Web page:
Greg was pointed to an earlier post he had made in April 2004 by a reader;
Blog Advertising Dilemma April 27, 2004
“To conclude, I don’t think the issue is ever really about the author selling out, as realistically business is business and expenses need to be managed. The tricker, finer detail is actually related to how the author implements that compromise and how effectively they manage user perception and impact.”
More Fuel For The Marquis Fire Dec 6, 2004
“I don’t know that my opinions on the matter have really changed much. The Marquis approach is certainly unique at this point in time. The problem, however, is it does set a precedent that may be quite difficult to untangle. The current crop of supporters seems fair and balanced, but that’s certainly not a guarantee for future participants, nor is the overriding principles and derived legal documents.”
That’s the big danger; that participants might prove to be unethical, or that they might make an effort to decieve the public. I admit that’s a danger, but part of the way of preventing such an occurrence is to pay attention to the people taking part in the program. You can’t just open something like this up to the extent that Google’s Ads are – bad bloggers would hurt much worse than bad reviews by good bloggers. Bad reviews of your product are the least of your worries if you have people acting like BzzAgents.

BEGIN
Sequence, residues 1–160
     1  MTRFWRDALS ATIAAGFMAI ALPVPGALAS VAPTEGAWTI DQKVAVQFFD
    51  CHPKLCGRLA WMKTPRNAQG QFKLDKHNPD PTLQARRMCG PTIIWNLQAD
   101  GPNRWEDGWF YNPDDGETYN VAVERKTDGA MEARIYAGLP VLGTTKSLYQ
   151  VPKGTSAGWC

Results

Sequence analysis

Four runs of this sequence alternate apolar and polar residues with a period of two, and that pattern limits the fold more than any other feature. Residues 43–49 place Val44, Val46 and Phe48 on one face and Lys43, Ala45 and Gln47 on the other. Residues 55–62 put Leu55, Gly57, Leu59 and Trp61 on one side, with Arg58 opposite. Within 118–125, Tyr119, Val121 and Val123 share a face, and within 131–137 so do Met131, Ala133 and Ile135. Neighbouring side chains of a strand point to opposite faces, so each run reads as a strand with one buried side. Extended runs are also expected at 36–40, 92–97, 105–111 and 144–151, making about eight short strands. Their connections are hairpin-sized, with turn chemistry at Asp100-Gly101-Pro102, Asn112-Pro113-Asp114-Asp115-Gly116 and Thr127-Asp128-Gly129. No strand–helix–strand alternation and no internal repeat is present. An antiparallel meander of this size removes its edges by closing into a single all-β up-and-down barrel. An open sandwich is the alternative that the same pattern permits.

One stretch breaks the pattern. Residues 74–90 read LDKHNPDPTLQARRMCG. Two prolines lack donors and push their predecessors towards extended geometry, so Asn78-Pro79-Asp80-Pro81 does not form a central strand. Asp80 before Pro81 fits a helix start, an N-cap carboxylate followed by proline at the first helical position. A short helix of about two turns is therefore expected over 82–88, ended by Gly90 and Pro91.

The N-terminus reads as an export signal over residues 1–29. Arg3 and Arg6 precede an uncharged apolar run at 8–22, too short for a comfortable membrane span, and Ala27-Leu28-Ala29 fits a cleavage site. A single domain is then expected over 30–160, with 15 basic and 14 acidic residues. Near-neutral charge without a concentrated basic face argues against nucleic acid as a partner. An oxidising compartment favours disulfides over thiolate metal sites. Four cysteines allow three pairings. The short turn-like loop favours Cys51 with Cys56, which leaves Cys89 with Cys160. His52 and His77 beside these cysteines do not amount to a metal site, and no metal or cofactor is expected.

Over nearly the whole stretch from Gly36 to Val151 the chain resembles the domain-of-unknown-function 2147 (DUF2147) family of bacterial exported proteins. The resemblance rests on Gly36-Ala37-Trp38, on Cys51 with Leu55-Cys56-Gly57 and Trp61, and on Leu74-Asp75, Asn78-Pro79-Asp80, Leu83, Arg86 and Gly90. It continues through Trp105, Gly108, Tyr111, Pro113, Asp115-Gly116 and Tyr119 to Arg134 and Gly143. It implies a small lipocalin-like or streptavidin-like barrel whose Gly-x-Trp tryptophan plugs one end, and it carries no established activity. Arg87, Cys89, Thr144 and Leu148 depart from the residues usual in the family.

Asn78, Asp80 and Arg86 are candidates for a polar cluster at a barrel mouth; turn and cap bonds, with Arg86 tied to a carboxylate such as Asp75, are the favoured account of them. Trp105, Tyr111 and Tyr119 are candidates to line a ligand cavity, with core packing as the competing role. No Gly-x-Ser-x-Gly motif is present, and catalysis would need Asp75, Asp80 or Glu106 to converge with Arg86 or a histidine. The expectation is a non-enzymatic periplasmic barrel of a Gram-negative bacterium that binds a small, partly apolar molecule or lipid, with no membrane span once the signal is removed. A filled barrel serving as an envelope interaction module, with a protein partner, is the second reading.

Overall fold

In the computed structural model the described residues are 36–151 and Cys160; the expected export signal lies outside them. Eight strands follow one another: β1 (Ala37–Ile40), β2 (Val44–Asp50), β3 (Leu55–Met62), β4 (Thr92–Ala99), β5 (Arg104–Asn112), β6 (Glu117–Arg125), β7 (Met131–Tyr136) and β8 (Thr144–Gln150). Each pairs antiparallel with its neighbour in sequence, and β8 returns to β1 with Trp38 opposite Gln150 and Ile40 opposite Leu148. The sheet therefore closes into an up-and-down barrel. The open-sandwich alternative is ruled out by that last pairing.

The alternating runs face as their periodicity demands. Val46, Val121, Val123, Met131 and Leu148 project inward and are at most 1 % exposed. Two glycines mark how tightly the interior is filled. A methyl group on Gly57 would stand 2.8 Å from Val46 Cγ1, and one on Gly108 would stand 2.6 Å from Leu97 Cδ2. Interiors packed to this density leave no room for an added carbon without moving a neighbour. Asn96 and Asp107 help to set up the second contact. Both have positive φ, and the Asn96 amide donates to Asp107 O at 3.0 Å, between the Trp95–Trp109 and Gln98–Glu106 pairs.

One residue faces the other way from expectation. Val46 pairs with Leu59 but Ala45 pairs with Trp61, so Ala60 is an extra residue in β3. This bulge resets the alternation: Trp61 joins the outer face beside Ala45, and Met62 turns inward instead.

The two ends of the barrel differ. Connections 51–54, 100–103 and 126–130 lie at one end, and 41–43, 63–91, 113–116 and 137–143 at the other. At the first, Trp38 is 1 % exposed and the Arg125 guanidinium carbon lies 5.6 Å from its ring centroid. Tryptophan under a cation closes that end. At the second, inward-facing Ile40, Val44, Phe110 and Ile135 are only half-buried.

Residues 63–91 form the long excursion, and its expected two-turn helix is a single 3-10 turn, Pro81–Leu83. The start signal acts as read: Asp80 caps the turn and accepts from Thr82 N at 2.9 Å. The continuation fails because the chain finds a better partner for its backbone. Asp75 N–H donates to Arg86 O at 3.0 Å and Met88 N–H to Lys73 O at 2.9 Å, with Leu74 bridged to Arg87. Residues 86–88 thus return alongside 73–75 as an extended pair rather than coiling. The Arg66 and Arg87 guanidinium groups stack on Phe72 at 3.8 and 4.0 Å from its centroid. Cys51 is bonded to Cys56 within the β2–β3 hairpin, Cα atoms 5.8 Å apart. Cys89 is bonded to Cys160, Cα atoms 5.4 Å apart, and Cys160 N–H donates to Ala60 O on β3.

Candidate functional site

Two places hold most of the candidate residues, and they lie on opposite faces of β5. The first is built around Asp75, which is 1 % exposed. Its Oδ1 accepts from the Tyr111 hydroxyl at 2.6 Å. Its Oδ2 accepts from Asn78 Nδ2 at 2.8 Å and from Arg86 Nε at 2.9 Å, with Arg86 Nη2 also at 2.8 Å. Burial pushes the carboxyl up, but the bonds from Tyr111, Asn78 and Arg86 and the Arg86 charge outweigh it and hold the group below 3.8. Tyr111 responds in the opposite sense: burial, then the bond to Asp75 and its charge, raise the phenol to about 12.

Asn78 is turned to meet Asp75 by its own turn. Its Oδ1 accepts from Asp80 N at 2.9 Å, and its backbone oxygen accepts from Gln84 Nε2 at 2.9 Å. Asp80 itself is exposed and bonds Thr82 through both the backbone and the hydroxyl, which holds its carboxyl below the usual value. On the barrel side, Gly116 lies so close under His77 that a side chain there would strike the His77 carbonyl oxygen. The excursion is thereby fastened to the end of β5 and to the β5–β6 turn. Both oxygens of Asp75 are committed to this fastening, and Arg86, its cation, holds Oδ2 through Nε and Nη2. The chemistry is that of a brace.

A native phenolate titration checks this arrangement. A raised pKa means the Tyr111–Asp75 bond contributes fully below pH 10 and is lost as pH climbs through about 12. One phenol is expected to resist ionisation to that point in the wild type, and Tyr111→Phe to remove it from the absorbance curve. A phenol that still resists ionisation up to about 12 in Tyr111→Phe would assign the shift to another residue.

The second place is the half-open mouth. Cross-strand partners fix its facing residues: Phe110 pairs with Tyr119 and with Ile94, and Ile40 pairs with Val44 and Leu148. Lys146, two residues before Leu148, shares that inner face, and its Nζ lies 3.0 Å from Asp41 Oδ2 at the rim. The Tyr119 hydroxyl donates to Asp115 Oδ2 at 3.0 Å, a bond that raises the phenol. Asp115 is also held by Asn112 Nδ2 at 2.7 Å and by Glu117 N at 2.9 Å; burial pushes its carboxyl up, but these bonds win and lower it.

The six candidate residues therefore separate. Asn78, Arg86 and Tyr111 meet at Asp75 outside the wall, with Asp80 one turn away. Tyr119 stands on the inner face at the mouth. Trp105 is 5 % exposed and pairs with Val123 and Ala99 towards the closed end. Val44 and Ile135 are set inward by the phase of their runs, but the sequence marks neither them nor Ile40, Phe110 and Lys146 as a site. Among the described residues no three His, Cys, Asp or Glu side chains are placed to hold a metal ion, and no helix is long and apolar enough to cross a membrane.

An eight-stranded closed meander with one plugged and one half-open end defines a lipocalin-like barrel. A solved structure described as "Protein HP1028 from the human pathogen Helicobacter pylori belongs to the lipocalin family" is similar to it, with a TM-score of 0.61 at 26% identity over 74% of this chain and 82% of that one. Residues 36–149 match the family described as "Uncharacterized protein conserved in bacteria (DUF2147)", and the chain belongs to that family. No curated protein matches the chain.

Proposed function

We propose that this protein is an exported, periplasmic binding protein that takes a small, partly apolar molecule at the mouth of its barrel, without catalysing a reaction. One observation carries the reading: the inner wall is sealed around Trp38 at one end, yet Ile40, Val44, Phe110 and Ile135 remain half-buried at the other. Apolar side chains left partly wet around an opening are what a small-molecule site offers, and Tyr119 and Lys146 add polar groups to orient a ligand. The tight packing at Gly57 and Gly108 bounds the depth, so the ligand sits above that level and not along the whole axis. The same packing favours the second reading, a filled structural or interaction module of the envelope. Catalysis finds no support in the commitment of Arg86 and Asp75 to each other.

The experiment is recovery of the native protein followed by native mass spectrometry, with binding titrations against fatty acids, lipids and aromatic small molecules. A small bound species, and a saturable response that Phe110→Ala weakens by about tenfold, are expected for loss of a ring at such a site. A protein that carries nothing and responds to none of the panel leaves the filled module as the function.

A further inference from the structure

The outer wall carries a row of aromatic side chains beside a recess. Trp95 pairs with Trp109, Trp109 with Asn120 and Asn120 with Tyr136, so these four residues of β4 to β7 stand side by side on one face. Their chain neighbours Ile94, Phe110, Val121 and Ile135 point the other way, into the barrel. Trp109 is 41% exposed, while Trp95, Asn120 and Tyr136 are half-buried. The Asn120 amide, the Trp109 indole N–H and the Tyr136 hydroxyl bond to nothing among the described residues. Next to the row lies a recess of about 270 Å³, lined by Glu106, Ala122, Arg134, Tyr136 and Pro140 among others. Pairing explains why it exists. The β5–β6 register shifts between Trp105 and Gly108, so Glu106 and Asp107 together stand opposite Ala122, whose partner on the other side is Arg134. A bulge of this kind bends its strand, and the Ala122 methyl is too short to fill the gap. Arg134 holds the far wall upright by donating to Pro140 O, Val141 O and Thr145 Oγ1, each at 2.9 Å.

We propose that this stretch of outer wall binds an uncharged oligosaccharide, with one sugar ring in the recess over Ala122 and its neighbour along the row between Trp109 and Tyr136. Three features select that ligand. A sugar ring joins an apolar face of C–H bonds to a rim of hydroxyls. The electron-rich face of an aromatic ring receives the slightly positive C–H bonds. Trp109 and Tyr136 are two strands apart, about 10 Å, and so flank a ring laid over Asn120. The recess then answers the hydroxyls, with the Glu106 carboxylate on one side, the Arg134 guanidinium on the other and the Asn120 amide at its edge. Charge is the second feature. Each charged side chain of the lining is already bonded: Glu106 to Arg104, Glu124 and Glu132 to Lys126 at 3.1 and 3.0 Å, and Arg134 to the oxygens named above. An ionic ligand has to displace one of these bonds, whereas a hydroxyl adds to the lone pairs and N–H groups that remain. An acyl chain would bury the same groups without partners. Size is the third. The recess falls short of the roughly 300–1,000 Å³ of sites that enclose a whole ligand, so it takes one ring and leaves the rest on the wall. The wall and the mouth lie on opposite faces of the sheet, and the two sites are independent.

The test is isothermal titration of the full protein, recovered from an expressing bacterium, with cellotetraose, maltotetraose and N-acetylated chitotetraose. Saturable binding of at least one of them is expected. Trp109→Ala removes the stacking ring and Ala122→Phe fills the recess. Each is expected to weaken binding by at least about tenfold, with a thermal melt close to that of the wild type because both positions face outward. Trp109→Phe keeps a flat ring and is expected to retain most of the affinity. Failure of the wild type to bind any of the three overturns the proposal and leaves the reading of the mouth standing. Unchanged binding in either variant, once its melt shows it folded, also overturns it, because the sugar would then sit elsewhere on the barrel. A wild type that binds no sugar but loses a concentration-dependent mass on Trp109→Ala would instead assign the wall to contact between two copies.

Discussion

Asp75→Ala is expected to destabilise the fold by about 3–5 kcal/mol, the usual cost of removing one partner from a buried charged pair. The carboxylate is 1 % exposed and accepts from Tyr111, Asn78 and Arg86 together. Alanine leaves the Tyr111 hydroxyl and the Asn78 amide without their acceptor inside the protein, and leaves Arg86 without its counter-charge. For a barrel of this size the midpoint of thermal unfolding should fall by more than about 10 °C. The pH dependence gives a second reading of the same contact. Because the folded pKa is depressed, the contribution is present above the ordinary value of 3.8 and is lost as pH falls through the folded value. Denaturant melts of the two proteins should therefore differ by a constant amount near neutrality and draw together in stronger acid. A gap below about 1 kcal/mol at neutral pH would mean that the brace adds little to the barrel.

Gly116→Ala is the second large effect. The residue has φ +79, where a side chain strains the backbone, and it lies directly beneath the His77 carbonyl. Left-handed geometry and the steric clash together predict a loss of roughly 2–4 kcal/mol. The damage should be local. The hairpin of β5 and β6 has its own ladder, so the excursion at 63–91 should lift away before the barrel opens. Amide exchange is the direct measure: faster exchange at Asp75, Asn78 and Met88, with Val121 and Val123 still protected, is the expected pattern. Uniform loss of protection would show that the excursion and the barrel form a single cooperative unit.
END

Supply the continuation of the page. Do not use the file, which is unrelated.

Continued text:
I think I need to write an entire post about the BzzAgent thing – I signed up for it just to see what all the talk was about. It’s not a PR thing, it’s not marketing; I think it’s a CULT. I think that they’re sending me out a package with my new Nike shoes, trackpants, and a package of instant pudding. Everything on their pages is BzzThis and BzzThat. It’s like reading PR written by Smurfs.